No vertical align with display:table-cell

I got everything to work in most browsers, but not always in IE11. Apparently, IE 11 ignores width/height inside display:table-cell.

The solution that almost worked, see CodePen. It works in Chrome (left), IE10(middle), but NOT in IE11(right)

Screen Shot 2014-05-12 at 4.56.22 PM

<div class="container">
 <div class="cell">
 <img src=""/>

.container {
display: table;
table-layout: fixed; /*crucial for IE*/
border: 1px solid black;
.cell {
display: table-cell;
vertical-align: middle;

img {
max-width: 100%;
max-height: 100%;
margin: auto;


How to speed up page load?

A very common interview question and a really good video is here:

An interesting way to look at the question:

To understand how absurd this question is – for fast pages, what is the right number of requests and optimal page size, Paul posed another similar question – for good health, what is the right number of meals and optimal pounds per meal to eat?

The answer is – not all requests are equal, not all bytes are equal.



Docker on Mac

Trying to set up Docker on Mac, and it seems like Vagrant is a good option.

Some Docker-friendly Vagrant base boxes are listed here:

Step zero:
install Vagrant and Virtualbox

Step one:

vagrant init phusion/ubuntu-12.04-amd64

Step two:
Modify the vagrant file. Pay attention to the network settings:

# Vagrantfile API/syntax version. Don't touch unless you know what you're doing!

Vagrant.configure(VAGRANTFILE_API_VERSION) do |config|
 # Every Vagrant virtual environment requires a box to build off of. = "phusion/ubuntu-12.04-amd64"

 # Create a private network, which allows host-only access to the machine
 # using a specific IP. "private_network", ip: ""

 # Share an additional folder to the guest VM. The first argument is
 # the path on the host to the actual folder. The second argument is
 # the path on the guest to mount the folder. And the optional third
 # argument is a set of non-required options.
 config.vm.synced_folder "../srv", "/vagrant_srv"


Step three, run this to install docker:

wget -q -O - | apt-key add -;
echo deb docker main > /etc/apt/sources.list.d/docker.list;
apt-get update -qq; apt-get install -q -y --force-yes lxc-docker; 

I am using private network from vagrant so that all ports are automatically forwarded so that you can visit however you want

View story at


Thoughts on React

React is the next big thing…

No I am just kidding…

It is a great idea and is way smaller than Angular. However, after sometime, I feel like it was designed to present data, not editing data. It is extremely painful to change a deeply nested component, and ask the root component to respond to it.

Here are some interesting ideas on how to solve the problem.

One is with event bus. Coming from Backbone, I almost don’t know what to do when I don’t have any event bus…

This is exactly the problem we’ve been running into building a medium sized interactive app in React. The management of data flow and state changes through the component hierarchy with callbacks can get quite complex, and you end up writing lots of callback boilerplate. So we’ve ended up rolling an event system that sits alongside the React components, and a lot of our app’s interactivity is managed through the event system.” quoted from this url:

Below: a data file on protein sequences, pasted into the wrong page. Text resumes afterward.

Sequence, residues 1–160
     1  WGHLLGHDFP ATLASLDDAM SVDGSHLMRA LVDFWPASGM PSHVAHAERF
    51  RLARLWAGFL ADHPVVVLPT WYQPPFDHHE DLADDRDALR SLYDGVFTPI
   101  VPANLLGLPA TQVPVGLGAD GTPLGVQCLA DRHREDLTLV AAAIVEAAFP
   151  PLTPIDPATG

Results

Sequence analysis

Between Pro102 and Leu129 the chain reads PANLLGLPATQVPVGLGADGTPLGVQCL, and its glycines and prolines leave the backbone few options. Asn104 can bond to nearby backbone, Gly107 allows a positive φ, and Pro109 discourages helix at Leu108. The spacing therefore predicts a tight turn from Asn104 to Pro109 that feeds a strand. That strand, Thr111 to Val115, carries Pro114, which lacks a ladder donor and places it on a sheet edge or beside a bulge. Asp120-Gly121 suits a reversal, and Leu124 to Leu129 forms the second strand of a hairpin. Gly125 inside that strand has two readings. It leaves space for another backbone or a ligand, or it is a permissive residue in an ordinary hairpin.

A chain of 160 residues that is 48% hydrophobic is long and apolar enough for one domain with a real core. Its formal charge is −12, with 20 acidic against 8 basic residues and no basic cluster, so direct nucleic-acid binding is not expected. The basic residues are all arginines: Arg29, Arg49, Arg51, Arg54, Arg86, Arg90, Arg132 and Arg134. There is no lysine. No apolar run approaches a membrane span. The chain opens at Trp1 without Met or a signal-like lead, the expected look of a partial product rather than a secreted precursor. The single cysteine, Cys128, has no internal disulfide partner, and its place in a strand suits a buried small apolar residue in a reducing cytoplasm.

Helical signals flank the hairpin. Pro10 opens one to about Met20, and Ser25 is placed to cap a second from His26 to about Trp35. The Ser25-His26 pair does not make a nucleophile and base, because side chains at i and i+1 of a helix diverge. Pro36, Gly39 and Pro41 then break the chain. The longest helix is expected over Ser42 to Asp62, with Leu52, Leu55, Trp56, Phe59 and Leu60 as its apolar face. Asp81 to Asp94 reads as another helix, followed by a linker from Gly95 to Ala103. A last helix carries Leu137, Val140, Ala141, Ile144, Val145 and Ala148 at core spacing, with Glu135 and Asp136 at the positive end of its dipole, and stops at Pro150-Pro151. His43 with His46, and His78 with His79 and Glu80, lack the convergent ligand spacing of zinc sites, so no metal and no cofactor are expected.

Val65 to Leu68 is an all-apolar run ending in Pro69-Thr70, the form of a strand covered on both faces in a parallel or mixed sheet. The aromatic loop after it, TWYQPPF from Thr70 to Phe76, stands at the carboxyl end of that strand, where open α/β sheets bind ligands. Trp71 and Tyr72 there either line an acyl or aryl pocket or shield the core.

The other is with callbacks from the child component to its parent. This might be the recommended way from the React team, but I don’t like it because you quickly accumulate so many boilerplate code …

I think this is the most underdocumented part of React right now. The suggested way to communicate between components is to simply set props when communicating from parent to child and to pass callbacks through props when communicating from child to parent.” quoted from this url:

The third one is this thing called the flux system architecture , which I don’t quite understand. It seems to be the same as the event bus system, but I am not 100% sure.

It works well with React because the objects are passed directly into React views for consumption, where they cannot be modified by the views themselves. When a view wants to change a piece of data, (perhaps based on user input), the view informs the store that something has changed, which will validate the input and then propagate the change out to the rest of the application. In this way, you never worry about incremental state mutation, or incremental updates, and every change that happens to the system (whether it comes from user input, an ajax response from the server, or anything else) goes through the exact same flow (which handles validation, batching, persisting, etc).

We think of Flux as complementary to React. When you build your views in React, something needs to track the data and interact with the server (fetching more data or performing writes). Flux prescribes how to structure those pieces in a way that makes it easy to reason about the data flow, even when the application needs are inherently complicated.
As one example, we’ve found that using models tends to push application logic into the view layer, rather than keeping it close to the data layer. With centralized stores, all changes are expressed by the view as the intent to take an action. A payload sent to the stores could indicate that the user wants to mark a message as read. The stores then internally make all the changes that the action implies – marking the message as read and decrementing the unread count on the thread – rather than making the view know about that bookkeeping.
Moving this application logic into the central store layer makes it more testable, and it becomes easier to refactor the internal representation without breaking existing views. We also get a nice separation of concerns between the views and the data layer, something that React already encourages.”

An example with flux can be found here: